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Child benefits changes.

Tuesday, 8 January 2013
Earning between £50,000 and £60,000 means you must repay some or all of your child benefit. You could opt out entirely but is that sensible?

The rules with regards child benefit have changed. From now on, instead of being a universal benefit that all families receive, regardless of income, it has become means-tested.
Rather than simply stopping the benefit for families earning more than a certain amount the government has introduced a tax charge. All families can still claim and receive child benefit but anyone earning more than £50,000 a year will be forced to repay come of the child benefit in a tax charge. Anyone earning £60,000 must repay their entire entitlement.
Not everyone will want to receive the money then repay it through a self-assessment form so the government has allowed people to opt of getting the cash. Choosing to opt out means foregoing the whole entitlement, so you probably won’t want to consider this unless you earn £60,000 or more. Midnight on the 6th January 2013 was the deadline for opting out and making sure you do not receive any payments under the new regime. If you missed the deadline don’t panic.
If you do want to opt out rather than going through the complexity of self assessment it probably is not too late to do so. Unless your child benefit payment went into your bank account on the 7th January 2013 you can probably opt out in time to stop it. You can call HM Revenue and Customs on 0845 302 1444 to do so.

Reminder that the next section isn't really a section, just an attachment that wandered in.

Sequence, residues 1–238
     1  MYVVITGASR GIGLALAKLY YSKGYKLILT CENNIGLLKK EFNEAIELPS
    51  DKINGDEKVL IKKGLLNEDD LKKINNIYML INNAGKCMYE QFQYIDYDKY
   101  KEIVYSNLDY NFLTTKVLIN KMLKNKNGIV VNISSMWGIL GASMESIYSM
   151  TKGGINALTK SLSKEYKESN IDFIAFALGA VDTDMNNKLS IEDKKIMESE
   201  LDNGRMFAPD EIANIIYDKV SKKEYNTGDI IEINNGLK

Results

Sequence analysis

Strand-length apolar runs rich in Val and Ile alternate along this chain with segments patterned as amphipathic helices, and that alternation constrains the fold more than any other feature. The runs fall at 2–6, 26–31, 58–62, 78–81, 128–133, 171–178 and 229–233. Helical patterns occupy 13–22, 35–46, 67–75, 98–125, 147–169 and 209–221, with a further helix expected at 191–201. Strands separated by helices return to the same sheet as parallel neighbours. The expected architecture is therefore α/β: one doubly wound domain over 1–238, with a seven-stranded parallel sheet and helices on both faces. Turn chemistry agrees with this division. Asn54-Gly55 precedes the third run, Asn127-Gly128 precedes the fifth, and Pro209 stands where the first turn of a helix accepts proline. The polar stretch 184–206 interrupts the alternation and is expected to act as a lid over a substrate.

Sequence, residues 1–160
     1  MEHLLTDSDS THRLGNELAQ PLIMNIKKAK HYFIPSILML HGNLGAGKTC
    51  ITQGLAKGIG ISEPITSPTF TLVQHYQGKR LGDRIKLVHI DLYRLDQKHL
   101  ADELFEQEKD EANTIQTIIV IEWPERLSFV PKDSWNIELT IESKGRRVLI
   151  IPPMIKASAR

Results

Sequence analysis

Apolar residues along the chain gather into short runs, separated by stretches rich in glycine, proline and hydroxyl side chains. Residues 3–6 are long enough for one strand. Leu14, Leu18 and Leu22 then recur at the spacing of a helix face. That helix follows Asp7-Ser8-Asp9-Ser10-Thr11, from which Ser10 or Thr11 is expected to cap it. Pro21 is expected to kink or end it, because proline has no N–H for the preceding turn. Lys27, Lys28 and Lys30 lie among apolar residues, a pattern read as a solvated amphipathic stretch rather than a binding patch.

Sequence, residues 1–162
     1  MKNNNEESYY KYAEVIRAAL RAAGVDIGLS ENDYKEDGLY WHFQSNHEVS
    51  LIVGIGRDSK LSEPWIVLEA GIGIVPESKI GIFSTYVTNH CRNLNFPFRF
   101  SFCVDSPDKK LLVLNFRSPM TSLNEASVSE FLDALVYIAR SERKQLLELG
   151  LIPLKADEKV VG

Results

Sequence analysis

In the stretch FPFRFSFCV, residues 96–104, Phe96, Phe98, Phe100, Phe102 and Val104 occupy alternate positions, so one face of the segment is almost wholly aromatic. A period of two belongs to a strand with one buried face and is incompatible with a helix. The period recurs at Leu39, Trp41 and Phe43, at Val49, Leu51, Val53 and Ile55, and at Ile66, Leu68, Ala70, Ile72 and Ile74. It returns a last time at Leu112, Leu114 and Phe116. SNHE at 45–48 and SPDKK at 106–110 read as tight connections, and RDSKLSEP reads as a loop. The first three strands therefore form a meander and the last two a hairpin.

If you have received a child benefit payment you can still opt out, you can do so at any time. However you will need to fill in a 2012-2013 self-assessment form in time for the 31st January 2014 filing deadline and repay any money you have received. If you are already in the self-assessment system you just need to make sure you can afford to repay the benefits you have received.
There are circumstances in which it makes sense not to opt out. If your income is on the border of £60,000 and you can’t be sure you will definitely earn more in this tax year i.e. 2012-2013 or next i.e. 2013-2014 you might be wise to keep hold of the benefit. If you have opted out and your circumstances change you can opt back in. If you find at the end of the tax year that you didn’t go through the threshold you cannot apply for the money in arrears.
Rather than stop receiving you could put the money in a savings account each month so it is there when the time comes to pay your tax bill. Child Benefits received between April 2013 and April 2014 will not need to be declared until the 31st January 2015, in the meantime they could earn you some savings interest although at the very low interest rates the interest will not be much.
The same is true if you think you might see your income fall for any reason e.g. your work is looking unstable or you are planning to have another child. If you can be disciplined enough to keep the money in a savings account until you need it for the tax bill you may prefer to consider that option.
Also the system may change with any change in government as it is unfair that couples earning £49000 each can receive the whole benefit while families with one earning over £50,000 and the other a full-time career lose some if not all the child benefit. So some changes may well be made after the next election which is only two years away now.
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